I am not saving the world but hopefully with a little more time and more education I will save a little of mine. Great informative advice given out here. Thanks

  24. Paul says:

    I love these “starter” articles. They make it seem so easy. All you need is enough land and motivation to forgo what technology offers the rest of the population, sort of… You still need a lot of that technology and industry to really build a state of the art energy efficient dwelling.

    You also need real options. You need more than suggestions that are punctuated with the terms “may be a viable alternative ” and “may be able to “. I think the article is misleading and not as helpful as we want to believe it is.

    Technology is what has brought us out from the brush huts and caves. I have an idea that we should not so dismissive of it as this article suggests.

    Finally, the limited resources side of the equation that all of these articles use as their basis of design ignores the other side completely. If you don’t already know, that other side is overpopulation. Moving everybody into small sustainable homes on an acre of land each is never going to solve that problem.

    Sensible, organized thinking and discussion will have a better chance of saving the planet than crapping in a bucket.

  25. Sly says:

    I would just like to say that some of your ideas are ok but for quite a few people they aren’t. First off if you are older or have asthma or COPD you can’t use wood because of the smoke.. Secondly you shouldn’t compost for reuse poop made from human or most animal waste as it is UNUSABLE because of the meat content.. ONLY vegetarian poop should be composted like mushroom or manure from cows or sheep etc. Poop with meat in it is contaminated and would contaminate what you eat also if you use it. As for the compostable toilet again that is a great idea but not good for older people. We can’t lift too much or too heavy , but the sawdust, it works great but also wheat husks from a pet shop (cat litter) works good also..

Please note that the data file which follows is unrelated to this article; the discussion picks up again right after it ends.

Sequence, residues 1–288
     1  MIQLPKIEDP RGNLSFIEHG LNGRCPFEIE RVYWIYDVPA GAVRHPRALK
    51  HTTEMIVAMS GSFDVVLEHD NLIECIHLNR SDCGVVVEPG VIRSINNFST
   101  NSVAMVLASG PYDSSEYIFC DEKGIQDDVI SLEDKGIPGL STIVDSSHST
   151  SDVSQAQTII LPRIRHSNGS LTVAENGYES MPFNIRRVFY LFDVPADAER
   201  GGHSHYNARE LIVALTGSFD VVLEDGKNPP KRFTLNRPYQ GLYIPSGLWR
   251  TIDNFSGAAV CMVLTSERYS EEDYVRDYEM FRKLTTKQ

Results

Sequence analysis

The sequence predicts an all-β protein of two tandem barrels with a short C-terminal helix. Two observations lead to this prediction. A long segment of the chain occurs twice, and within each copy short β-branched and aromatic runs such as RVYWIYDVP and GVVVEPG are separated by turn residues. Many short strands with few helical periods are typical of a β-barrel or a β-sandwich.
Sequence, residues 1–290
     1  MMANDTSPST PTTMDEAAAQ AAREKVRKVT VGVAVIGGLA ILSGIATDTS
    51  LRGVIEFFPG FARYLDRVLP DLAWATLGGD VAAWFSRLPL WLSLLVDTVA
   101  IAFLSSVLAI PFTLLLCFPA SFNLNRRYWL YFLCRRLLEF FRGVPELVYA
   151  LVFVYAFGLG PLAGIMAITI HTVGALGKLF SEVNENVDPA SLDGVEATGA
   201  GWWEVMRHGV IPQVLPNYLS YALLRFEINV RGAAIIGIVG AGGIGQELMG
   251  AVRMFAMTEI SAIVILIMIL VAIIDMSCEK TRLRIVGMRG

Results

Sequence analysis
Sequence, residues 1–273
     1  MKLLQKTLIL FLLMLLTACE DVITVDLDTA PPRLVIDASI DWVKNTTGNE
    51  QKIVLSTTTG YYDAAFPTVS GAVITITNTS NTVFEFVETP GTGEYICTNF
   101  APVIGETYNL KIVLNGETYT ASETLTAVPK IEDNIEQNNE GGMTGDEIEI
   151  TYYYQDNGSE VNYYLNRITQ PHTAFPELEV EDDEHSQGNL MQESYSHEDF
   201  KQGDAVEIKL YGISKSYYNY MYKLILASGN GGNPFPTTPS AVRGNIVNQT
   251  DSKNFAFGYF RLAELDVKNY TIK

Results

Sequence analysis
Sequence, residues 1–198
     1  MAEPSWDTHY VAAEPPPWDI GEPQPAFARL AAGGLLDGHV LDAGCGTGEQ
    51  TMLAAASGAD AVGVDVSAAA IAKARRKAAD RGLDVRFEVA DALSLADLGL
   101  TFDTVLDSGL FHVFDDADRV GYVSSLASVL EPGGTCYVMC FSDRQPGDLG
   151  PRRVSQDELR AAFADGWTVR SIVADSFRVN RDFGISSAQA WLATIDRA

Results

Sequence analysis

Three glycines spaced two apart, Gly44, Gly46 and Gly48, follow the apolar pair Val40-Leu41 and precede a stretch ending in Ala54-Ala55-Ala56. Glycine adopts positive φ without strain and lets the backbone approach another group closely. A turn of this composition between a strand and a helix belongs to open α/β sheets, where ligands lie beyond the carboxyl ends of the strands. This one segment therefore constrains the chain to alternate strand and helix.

• Ralph Sly says:

      Another Sly individual here I see, you described me to a T with age, COPD, weakening a bit plus other things related to being around some time. As someone who advocates Kitty litter, could you tell me, do you use a urine separator? I go off grid in my weekender and tried the bucket and Kitty litter and didn’t have much success keeping odors down and dispensing with it as any acceptable form of solid and did use lots. Also, what do fined being an acceptable way to dispense with the finished product? That has never been explained.

      I am not taking the time to get into composting much at present because there are so many other things I am doing but the weekend sometimes turns out longer and the portable toilet is only there hopefully as a backup but end up using it mostly.

  26. lil says:

    hi, thanks for sharing, are you still living off grid in ireland ? i am looking to buy a house there and was seriously considering off grid living…i wonder have you any contacts etc i could get imformation.
    many thanks.

  27. Maryanne Smart says:

    Hey there, I looked into the Bioship sewage treatment and it looks awesome but is it ready for purchase/use? I couldn’t tell